Meanwhile, former Secretary of State Hillary Clinton says Europe needs to stand up to Russia, which will be easier to do if Europe diversifies its energy supplies:
“They need to understand they must stand up to [Russian President] Vladimir Putin. The reluctance has to do with European dependence on energy from Russia.”
Laudable sentiments and goals, but America can do more than impose targeted and inherently limited sanctions. The U.S. can do more than talk. America can do more to provide effective help for her friends and to diminish the influence of adversaries. Through energy, American energy.
Posted June 16, 2014
FT.com – Despite jitters over Iraq, the price of oil is at its most stable since the early 1970s, as a huge increase in US oil production offsets massive disruptions to supply from places such as Libya, according to BP.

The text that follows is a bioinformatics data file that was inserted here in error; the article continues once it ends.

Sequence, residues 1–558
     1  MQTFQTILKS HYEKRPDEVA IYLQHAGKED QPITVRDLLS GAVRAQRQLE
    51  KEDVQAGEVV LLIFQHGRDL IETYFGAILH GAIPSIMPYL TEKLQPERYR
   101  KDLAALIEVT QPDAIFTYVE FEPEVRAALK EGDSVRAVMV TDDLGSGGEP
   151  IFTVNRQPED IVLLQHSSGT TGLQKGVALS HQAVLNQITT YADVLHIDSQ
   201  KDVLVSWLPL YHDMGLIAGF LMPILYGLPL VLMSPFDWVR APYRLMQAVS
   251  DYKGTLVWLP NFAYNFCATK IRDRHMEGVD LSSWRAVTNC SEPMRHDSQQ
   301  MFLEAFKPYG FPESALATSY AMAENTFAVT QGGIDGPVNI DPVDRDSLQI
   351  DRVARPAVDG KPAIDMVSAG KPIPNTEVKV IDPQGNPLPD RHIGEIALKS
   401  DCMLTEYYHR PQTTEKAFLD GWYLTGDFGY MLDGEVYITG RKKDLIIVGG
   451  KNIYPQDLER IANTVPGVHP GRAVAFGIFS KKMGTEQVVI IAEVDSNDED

Christof Rühl, group chief economist, said the world had seen a cumulative 3m barrels a day of supply disruption since the start of the 2011 Arab uprising but that had been “cancelled out” by a similar extra amount of US production.
“There has been an almost perfect match between outages in north Africa and elsewhere and US production growth,” he said. The equilibrium had created an “eerie quiet” in global oil markets.